The COVID crisis throws into relief what happens when grief has—quite literally—nowhere to go. The evidence suggests that most people summon strengths that surpass their own expectations.
Verified by Psychology Today
Helping diagnosed children find their superpowers
Robyn Koslowitz Ph.D.
Feeling down as a parent? You may not be clinically depressed—you may be experiencing parental burnout.
Journaling can help kids build resilience. Now is the perfect time to start.
Playground play provides more benefits than exercise. It can supercharge a child's emotional and psychological development in four surprising ways.
New research shows that socially anxious people have more empathic accuracy, but this does not translate into better social performance.
In an entertaining new book, Benjamin Hardy makes a good case for the transformational capacity of the human spirit.
Anxious children have brains that send stronger signals from the "fear center" of the brain to the "decision-making area." This has implications for therapy and parenting.
Research has confirmed what parents knew: Kids really are "born that way."
Do you think talking to kids about death will make them more anxious? Research shows the exact opposite.
Wondering why any kid would ever coronaparty? The answer might lie in how they were taught to think about and handle uncomfortable emotions.
Do you want to ensure healthy emotional coping during the teenage years? Decades of research support using emotion socialization techniques.
Parenting neurodiverse children is challenging in the best of times! Use this five-step survival guide for neurodiverse parenting challenges during the corona-crisis.
Do you have a loved one with OCD? Is it sometimes hard to empathize? Guess what? It's now easier to know what living like this feels like.
The corona crisis is the time to teach kids the Kindness Game. This game can end the sibling wars, enhance intersubjectivity skills, and teach kids to undo their negativity biases.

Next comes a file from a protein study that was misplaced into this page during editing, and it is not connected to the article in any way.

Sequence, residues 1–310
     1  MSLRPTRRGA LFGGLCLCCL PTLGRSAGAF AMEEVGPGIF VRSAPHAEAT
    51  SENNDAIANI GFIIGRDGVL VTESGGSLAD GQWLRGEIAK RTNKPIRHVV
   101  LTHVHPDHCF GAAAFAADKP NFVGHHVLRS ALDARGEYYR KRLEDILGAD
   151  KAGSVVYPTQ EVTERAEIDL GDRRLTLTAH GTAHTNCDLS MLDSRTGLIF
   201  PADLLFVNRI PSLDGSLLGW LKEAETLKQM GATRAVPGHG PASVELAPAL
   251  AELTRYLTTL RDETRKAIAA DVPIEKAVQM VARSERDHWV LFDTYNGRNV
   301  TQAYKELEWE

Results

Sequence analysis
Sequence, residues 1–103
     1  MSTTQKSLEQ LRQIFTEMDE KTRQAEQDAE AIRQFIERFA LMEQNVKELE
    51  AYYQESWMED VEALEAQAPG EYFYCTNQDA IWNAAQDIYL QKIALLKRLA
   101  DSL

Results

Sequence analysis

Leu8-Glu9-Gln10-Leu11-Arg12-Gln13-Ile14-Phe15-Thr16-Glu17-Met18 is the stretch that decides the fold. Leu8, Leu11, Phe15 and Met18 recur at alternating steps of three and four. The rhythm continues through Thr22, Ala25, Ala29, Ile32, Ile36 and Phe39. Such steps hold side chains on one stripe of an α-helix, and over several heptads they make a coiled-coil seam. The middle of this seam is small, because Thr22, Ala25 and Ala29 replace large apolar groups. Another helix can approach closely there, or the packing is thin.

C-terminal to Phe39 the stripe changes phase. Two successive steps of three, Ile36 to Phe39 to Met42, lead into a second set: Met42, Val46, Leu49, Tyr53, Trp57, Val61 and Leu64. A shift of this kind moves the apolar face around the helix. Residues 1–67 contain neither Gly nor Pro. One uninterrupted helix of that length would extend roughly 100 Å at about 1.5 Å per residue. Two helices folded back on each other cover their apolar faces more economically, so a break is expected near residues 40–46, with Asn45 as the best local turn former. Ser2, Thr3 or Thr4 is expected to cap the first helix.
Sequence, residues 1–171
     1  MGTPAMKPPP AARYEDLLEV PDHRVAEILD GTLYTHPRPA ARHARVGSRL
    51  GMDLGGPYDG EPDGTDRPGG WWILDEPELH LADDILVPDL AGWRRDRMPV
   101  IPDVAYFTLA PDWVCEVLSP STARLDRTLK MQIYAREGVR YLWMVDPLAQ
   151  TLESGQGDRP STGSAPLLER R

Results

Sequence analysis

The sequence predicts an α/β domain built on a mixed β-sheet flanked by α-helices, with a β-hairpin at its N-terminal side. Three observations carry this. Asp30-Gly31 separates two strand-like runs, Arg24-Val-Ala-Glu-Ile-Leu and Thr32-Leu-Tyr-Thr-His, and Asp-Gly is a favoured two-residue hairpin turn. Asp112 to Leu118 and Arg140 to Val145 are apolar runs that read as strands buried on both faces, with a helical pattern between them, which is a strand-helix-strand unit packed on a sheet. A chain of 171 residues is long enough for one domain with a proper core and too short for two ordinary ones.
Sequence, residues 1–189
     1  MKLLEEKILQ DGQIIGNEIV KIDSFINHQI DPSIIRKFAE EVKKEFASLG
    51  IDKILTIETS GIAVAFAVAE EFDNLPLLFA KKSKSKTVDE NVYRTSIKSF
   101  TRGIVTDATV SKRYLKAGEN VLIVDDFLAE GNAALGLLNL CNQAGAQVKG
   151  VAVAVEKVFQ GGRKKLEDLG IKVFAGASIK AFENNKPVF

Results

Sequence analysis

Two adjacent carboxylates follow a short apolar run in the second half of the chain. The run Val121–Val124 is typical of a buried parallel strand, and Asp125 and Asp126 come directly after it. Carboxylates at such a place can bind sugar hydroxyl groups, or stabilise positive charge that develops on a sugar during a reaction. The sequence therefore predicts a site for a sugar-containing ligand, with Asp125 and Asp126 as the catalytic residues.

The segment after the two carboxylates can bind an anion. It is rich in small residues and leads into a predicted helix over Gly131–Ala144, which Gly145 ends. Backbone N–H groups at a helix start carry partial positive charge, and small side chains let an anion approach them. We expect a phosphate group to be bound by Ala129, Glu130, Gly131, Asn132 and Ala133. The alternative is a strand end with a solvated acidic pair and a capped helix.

Are you missing something crucial? Contrary to popular belief, we may not be able to tell if a toddler is "overtired." Instead, poor sleep leads to other, less noticeable problems.
Ever wonder what it's like to treat pediatric OCD in a world that has suddenly gone germaphobic? Lessons learned from one little microbiologist in the making.
The number one question parents ask me is "how do you get kids to open up?" Use these 3 tips from child therapy to set yourself up for conversational success with your child.
Play is serious business. It is the building block of many neurodevelopmental capacities. Here are 4 key criteria to consider when choosing games and toys.
Feeling burned out as a parent? You're not alone, and what you are feeling is real. There is hope! New research demonstrates two promising intervention paths for parental burnout.
Switch your focus to praise rather than reprimands. Research demonstrates the praise to reprimand ratio is correlated with on-task behavior.
Parent and toddler brains "sync up" during play, and this is a driver of prefrontal cortex development. Want your kid to develop social skills? Play attention, and start early!
New research on the imagery rescripting technique sheds light on social anxiety disorder.
Forced politeness in childhood—"Thanks! That's just what I wanted!"—can undermine self-control. Let's teach children to internally express, rather than suppress, their emotions.
We've been approaching the problem of childhood obesity all wrong. In our effort to avoid eating disorders, we've accidentally fostered disordered eating. Here's a better plan.
We all know what a flashback is. How about a "flash-forward"? It's a frequently overlooked aspect of anxiety and a worry trigger. This has important implications for parenting.
It feels great to go viral with a cute potty pic, but is it fair? Consider these things before posting on social media.
Have you made—and broken—parenting resolutions in the past? That's inevitable. Instead, make feeder decisions that set you up for success. Here's how.
Does going home drive you a little crazy? Worried that people who were insensitive to you will hurt your kids? Learn to steer a conversation and navigate past hurtful comments.
Did you grow up with adverse childhood experiences? You can give your kids a healthy childhood, even if yours wasn't. Here's what you need to know.
"Bully" is a reductionist term. It doesn't capture the nuance of bullying interactions. Instead of zero-tolerance policies, let's educate kids about how to handle big emotions.
"Bully" and "victim" may be an artificial dichotomy. Rather than crafting zero-tolerance policies, we should teach self-regulation to children.
Robyn Koslowitz, Ph.D., is a licensed school psychologist and clinical psychologist and educational director of the Targeted Parenting Institute.